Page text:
alexa Role of Reverse Transcriptase and APOBEC3G in Survival
ISSN: 2161-0517

Virology & Mycology
Open Access

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Review Article

Role of Reverse Transcriptase and APOBEC3G in Survival of Human Immune Deficiency Virus -1 Genome

Raj Kumar Soni*, Amol Kanampalliwar and Archana Tiwari

School of Biotechnology, Rajiv Gandhi Proudyogiki Vishwavidyalaya (State Technological University), Madhya Pradesh, India

Corresponding Author:
Raj Kumar Soni
School of Biotechnology
Rajiv Gandhi Proudyogiki Vishwavidyalaya (State Technological University)
Airport Bypass Road, Bhopal - 462033
Madhya Pradesh, India
Tel: +918989209556
E-mail: [email protected]

Received Date: October 04, 2013; Accepted Date: December 16, 2013; Published Date: December 23, 2013

Citation: Soni RK, Kanampalliwar A, Tiwari A (2013) Role of Reverse Transcriptase and APOBEC3G in Survival of Human Immune Deficiency Virus -1 Genome. Virol Mycol 3:125. doi: 10.4172/2161-0517.1000125

Copyright: © 2013 Soni RK, et al. This is an open-access article distributed under the terms of the Creative Commons Attribution License, which permits unrestricted use, distribution, and reproduction in any medium, provided the original author and source are credited.

 

Abstract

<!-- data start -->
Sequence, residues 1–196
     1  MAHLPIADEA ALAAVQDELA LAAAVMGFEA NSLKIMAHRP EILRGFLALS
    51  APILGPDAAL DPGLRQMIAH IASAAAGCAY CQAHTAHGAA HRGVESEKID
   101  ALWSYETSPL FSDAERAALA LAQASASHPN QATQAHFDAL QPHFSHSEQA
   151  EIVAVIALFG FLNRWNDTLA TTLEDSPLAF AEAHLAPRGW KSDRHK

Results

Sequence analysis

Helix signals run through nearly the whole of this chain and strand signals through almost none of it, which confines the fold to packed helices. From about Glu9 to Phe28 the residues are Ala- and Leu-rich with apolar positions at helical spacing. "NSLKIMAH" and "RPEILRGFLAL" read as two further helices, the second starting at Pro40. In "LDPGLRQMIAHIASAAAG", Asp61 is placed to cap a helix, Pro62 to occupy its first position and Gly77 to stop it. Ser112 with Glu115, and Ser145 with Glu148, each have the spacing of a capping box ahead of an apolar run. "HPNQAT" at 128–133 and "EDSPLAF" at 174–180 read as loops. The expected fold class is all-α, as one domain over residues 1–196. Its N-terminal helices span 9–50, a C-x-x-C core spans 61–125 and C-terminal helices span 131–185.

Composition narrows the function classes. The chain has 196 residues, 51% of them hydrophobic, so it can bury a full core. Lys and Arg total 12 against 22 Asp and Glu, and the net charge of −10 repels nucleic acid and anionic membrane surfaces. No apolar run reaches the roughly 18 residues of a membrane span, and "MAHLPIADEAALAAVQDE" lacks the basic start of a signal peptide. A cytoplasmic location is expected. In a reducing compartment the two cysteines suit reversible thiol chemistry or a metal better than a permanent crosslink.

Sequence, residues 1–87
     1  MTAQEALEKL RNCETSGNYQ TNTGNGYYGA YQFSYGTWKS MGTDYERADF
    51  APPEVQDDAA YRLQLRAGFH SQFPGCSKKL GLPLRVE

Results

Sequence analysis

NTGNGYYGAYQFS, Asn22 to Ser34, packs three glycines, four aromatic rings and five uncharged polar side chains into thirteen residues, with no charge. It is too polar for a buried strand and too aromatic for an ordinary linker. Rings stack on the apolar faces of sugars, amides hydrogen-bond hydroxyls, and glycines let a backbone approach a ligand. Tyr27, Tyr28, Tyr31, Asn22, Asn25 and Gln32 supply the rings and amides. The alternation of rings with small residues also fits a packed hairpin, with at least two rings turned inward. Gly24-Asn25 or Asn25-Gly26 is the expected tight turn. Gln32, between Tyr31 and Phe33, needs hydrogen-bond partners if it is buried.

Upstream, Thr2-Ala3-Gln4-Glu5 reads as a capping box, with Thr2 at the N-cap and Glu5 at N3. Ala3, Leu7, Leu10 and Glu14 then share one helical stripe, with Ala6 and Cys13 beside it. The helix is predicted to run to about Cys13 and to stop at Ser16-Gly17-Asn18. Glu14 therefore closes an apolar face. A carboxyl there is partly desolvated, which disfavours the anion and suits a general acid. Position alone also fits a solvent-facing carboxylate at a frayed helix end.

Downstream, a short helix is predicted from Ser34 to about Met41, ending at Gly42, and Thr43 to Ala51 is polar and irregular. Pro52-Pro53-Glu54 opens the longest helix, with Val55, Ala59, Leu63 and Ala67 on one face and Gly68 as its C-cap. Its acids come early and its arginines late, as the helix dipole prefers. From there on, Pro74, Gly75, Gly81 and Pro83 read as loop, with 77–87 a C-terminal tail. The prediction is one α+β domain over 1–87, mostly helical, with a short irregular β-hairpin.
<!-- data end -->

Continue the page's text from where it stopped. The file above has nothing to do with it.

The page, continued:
Development of an effective vaccine against HIV-1 is a major challenge for scientists at present. Rapid mutation and replication of the virus in patients contribute to the evolution of the virus, which makes it unconquerable. Hence a deep understanding of critical elements related to HIV-1 is necessary. Errors introduced during DNA synthesis by reverse transcriptase are the primary source of genetic variation within retroviral populations. Numerous current studies have shown that apolipo protein B mRNA-editing enzyme-catalytic polypeptide-like 3G (APOBEC3G) proteins mediated sublethal mutagenesis of HIV-1 proviral DNA contributes in viral fitness by accelerating human immunodeficiency virus-1 evolution. This results in the loss of the immunity and development of resistance against anti-viral drugs. This review focuses on the latest biological, biochemical, and structural studies in an attempt to discuss current ideas related to mutations initiated by reverse transcriptase and APOBEC3G. It also describes their effect on immunological diversity and retroviral restriction, and their overall effect on the viral genome respectively. A new procedure for eradication of HIV-1 has also been proposed based on the previous studies and proven facts.

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